• 2eao5tj

    Whenever I evaluate a skin, one of the first things I key-in on, is how well the paint is aligned wherever it spans the seams of the 3D model. And this is especially so, when it comes to skins with elaborate cammo patterns.

    I've seen many skins over the years, where it appeared that no effort was made toward maintaining any semblance of alignment.. just throw on a paintscheme and let the pieces fall where they may. Or at best, the author 'cheated' and avoided the seams completely.

    And who's to blame them? ..for the novice, aligning a cammo pattern can be an overwhelming challenge. Their decison might be to continue skinning despite the faults; or give up on the hobby completely. Personally, I'd rather see them continue; I can't think of any skinner on the planet who would claim to know everything from the very minute they picked up a brush.. we've all had a good share of 'learning events' in the beginning. And last time I checked, most of us old-timers are still learning some new tricks.

    So if you happen to be one of those folks who cringes at the thought of attempting a fancy cammo scheme, or even a simple one for that matter; what follows might be just the thing to help you hurdle that obstacle...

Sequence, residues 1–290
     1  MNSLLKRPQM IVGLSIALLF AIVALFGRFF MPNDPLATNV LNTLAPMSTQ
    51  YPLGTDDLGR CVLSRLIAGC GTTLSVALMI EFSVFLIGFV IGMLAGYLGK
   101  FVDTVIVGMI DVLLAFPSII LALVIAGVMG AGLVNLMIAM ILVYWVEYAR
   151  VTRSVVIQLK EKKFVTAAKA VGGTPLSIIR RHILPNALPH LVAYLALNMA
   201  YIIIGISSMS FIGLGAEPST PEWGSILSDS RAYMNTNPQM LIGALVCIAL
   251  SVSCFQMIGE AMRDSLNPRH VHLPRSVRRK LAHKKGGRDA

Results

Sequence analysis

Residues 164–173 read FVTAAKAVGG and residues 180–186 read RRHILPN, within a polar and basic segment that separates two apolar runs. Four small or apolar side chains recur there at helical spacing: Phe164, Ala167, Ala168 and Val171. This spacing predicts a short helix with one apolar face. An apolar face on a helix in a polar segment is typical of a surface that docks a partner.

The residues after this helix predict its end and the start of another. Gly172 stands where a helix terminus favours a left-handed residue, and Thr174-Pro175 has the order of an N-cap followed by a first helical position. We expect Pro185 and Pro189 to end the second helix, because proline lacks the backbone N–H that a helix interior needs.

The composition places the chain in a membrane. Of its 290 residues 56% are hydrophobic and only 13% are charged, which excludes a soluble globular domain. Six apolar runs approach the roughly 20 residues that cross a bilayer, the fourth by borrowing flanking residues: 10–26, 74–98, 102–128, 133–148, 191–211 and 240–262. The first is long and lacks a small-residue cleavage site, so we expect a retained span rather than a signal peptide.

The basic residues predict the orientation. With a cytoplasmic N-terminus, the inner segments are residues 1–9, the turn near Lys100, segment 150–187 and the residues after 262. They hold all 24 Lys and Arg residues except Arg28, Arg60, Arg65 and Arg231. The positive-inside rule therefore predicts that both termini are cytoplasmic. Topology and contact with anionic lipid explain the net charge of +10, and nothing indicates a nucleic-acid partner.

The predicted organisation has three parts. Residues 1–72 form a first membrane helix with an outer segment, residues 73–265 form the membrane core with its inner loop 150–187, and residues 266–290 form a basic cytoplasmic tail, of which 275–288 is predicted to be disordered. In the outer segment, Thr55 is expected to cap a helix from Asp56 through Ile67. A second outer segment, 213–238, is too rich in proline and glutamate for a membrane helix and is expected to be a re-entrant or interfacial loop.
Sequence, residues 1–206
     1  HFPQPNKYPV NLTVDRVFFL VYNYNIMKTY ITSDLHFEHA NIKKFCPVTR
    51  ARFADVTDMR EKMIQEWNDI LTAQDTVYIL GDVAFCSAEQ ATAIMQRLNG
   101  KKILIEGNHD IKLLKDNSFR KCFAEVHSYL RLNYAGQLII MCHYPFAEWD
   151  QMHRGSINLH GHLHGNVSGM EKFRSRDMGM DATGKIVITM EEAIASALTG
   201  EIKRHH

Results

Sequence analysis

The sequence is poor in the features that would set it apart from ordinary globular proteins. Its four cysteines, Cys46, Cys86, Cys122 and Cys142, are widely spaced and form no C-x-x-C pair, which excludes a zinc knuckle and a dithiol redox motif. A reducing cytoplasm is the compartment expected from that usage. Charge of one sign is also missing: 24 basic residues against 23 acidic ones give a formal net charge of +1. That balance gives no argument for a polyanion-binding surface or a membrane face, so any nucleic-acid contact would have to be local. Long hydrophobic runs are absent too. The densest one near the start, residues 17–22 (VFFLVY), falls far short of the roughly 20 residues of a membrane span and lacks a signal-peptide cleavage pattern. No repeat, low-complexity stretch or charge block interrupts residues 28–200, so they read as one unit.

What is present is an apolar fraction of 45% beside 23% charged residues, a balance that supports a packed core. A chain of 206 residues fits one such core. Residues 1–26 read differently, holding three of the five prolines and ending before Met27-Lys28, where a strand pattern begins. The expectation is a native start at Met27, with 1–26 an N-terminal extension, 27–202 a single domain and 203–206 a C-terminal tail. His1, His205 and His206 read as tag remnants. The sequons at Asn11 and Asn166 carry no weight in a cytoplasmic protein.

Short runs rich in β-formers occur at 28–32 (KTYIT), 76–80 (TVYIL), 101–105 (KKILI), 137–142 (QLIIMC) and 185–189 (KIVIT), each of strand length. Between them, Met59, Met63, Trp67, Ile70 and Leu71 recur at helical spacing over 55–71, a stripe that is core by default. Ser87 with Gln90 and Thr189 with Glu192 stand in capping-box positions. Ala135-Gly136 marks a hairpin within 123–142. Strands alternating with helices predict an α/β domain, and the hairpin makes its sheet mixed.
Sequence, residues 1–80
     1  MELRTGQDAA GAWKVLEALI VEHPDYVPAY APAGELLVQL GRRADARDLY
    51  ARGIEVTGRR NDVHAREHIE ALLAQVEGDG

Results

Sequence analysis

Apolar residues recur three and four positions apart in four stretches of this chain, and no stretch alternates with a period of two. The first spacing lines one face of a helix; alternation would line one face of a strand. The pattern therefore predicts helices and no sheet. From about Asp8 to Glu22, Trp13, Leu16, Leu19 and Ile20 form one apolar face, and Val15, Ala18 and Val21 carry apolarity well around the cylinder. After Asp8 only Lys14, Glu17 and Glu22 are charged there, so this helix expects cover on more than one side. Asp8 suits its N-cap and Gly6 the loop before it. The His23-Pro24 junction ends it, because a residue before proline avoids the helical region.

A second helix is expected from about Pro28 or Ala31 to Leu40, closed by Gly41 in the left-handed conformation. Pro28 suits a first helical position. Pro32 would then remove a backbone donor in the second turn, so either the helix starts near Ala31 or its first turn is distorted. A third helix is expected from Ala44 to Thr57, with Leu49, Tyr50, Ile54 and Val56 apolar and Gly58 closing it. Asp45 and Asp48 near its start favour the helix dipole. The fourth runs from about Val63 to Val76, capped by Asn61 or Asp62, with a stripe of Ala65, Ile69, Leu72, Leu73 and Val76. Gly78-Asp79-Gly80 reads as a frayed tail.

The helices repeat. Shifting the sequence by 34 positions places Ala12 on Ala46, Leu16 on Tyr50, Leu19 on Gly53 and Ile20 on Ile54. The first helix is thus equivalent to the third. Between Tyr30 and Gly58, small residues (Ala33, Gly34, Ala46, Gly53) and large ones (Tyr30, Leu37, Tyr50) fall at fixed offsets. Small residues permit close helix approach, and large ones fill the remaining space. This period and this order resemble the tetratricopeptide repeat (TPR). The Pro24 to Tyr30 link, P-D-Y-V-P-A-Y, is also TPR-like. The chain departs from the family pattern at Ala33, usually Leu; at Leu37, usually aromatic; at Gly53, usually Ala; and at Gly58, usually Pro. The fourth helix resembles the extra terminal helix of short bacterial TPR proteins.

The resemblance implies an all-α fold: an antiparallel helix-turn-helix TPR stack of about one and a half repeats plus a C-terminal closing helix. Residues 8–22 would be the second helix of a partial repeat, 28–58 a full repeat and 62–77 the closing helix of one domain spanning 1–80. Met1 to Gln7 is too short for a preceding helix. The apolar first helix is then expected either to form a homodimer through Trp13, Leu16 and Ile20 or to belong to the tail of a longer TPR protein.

The picture above illustrates why these types of schemes can be such a pain sometimes.

    Looking along the centerline of the fuselage, we can see that every little piece of cammo that spans a seam, has to be adjusted in order to achieve a seamless alignment. Otherwise we're left with what you see in the pic... sort of like painting the cammo on a model airplane before we glue the fuselage halves together; not a good idea.

    Of course we could simply avoid all the seams, as I mentioned previously, but what fun would that be eh? If we never attempt the hard stuff, we'll never be able to skin our way out of a wet paper bag, right? wink


    The above pic illustrates a little technique I used to ensure the cammo halves remained aligned while adjusting across the seam of the Avia's 3D model. And it's something that could be adapted to other models as well.. simply adjust to meet your needs.

    First, we will need to create two new layers in our template, somewhere above any existing base-color layers.

    Next, selecting the lower of the two layers (layer #1) we will establish our cammo pattern along the centerline seam of the lower fuselage half as seen in the above illustration.